Wednesday, April 26, 2017

Franz Schubert - Piano Trio No. 2 (Florestan Trio)


Information

Composer: Franz Schubert
  1. Piano Trio No. 2 in E flat major, D. 929: 1. Allegro
  2. Piano Trio No. 2 in E flat major, D. 929: 2. Andante con moto
  3. Piano Trio No. 2 in E flat major, D. 929: 3. Scherzo: Allegro moderato
  4. Piano Trio No. 2 in E flat major, D. 929: 4. Finale: Allegro moderato
  5. Piano Trio No. 2 in E flat major, D. 929: 4. Finale: Allegro moderato (first version)

Florestan Trio
Anthony Marwood, violin
Richard Lester, cello
Susan Tomes, piano

Date: 2002
Label: Hyperion
http://www.hyperion-records.co.uk/dc.asp?dc=D_CDA67347

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Review

A splendidly characterised performance proves an excellent follow-up to the Florestan Trio’s previous Schubert CD

Rather as Schubert himself did in the closing months of 1827, the Florestan Trio swiftly follow their illuminating account of the B flat Trio (Hyperion, 3/02) with the more profound, yet still often light-hearted E flat Trio. This was written in the same month (November) that Schubert completed Winterreise. We are instantly reminded of this in the Florestan’s eloquent and aptly paced account of the C minor Andante con moto, with what Richard Wigmore describes as its ‘stoical trudging gait’. Its essential melancholy is gently caught, first by the cellist, Richard Lester, and then equally touchingly by the pianist, Susan Tomes (0'56").

The dramatically rhythmic opening of the first movement (like the B flat Trio before it) could almost be by Beethoven, but once again these players show themselves to be completely within the Schubertian sensibility and catch perfectly the atmosphere of the more important lyrical motif, first heard on the cello (in bars 15 and 16), which is to dominate the movement alongside the engaging repeated-note figure (so delicately articulated by the piano (1'00"). You can easily pick these ideas out, for the performance includes the exposition repeat.

The canonic Minuet/Scherzo is genially Viennese and is handled here with a remarkably wide dynamic range, with the Trio agreeably boisterous, yet with contrasting moments of intimacy when the repeated-note theme from the first movement reappears. They then winningly set a jaunty mood for the finale, which is maintained whenever the main theme reappears, even though, as always with late Schubert, much happens to vary the music’s mood and atmosphere including the reprise of the main cello theme from the slow movement, brightly decorated by the violin and piano. Schubert must have had a very soft spot for this melody, as it comes back again in the coda, which ends the work so positively. Another superb performance then, penetrating, yet full of spirited spontaneity, and in spite of the moments of sadness, much Schubertian bonhomie. As before, the recording is completely lifelike and very well balanced.

As a bonus we are offered Schubert’s original finale, nearly two minutes longer without the two cuts in the development made by the composer, totalling 98 bars. But Schubert was right: there may be a case for the extra ‘heavenly’ length, but the finale normally heard seems to me just right. With the benefit of CD you can make your own judgement.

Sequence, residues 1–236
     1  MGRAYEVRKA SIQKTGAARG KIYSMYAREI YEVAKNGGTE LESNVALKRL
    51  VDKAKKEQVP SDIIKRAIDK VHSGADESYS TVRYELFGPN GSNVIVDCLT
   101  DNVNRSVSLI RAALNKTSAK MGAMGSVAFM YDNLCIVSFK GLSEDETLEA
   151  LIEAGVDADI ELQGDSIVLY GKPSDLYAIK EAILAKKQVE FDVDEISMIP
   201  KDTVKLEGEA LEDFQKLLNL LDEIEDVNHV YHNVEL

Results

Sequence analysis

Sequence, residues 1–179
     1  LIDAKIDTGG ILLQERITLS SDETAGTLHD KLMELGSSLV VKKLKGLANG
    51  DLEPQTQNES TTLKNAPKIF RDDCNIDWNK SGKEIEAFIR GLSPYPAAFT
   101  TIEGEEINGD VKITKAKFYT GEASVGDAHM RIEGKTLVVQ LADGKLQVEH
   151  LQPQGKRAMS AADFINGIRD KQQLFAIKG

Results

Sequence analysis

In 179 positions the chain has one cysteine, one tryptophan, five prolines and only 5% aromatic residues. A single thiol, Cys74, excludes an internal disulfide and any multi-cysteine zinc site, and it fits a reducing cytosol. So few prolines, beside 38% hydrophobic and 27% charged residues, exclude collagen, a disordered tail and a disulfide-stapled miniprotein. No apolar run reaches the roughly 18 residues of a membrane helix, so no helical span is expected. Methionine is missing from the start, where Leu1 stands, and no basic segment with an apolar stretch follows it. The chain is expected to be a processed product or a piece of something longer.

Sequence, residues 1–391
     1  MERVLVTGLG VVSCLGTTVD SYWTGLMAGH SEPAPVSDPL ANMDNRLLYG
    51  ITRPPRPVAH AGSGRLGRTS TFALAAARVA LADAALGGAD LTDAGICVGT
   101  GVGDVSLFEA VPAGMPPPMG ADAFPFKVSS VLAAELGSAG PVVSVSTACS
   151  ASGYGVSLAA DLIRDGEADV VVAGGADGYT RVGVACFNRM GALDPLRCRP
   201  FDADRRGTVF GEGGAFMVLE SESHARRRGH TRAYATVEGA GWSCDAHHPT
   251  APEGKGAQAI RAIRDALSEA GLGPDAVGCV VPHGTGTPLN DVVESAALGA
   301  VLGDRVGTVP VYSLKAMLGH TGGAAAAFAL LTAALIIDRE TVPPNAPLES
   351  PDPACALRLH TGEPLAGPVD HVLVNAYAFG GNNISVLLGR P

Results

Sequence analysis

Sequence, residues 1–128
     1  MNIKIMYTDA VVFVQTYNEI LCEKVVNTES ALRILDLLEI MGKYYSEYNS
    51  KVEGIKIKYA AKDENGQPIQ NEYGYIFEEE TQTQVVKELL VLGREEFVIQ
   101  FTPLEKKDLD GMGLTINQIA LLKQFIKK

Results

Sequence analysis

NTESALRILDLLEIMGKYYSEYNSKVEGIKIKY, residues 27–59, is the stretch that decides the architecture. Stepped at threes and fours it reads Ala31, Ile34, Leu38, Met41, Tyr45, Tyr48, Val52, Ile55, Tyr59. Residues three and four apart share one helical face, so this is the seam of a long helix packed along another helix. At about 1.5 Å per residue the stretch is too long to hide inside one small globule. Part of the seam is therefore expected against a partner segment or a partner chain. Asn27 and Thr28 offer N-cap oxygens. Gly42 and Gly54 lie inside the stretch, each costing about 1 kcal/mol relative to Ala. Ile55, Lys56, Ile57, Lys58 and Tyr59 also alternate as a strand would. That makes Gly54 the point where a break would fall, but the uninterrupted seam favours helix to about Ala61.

-- Duncan DruceGramophone

More reviews:
ClassicsToday ARTISTIC QUALITY: 10 / SOUND QUALITY: 10
BBC Music Magazine  PERFORMANCE: ***** / SOUND: *****
http://www.bbc.co.uk/music/reviews/zbxm
http://www.theguardian.com/music/2002/aug/02/classicalmusicandopera.artsfeatures3
http://www.amazon.com/Piano-Trio-E-Flat-Florestan/dp/B000069CVC

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Franz Schubert (31 January 1797 – 19 November 1828) was an Austrian composer who was extremely prolific during his short lifetime. His output consists of over six hundred secular vocal works (mainly Lieder), seven complete symphonies, sacred music, operas, incidental music and a large body of chamber and piano music. Today, Schubert is ranked among the greatest composers of the late Classical era and early Romantic era and is one of the most frequently performed composers of the early nineteenth century. His music is characterized by pleasing tunes while still has "a great wealth of technical finesse".

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The Florestan Trio was formed in 1995 in London. That year the piano quartet Domus disbanded, and that group's pianist Susan Tomes and its cellist Richard Lester, together with violinist Anthony Marwood, formed the Florestan Trio. The Trio has established a reputation as one of the finest piano trios in the world. In its first decade, the group has made 14 recordings on the Hyperion label, all of which received Gramophone nominations. Its concerts have also drawn enthusiastic receptions from critics and public alike.
http://www.allmusic.com/artist/florestan-trio-mn0001398686

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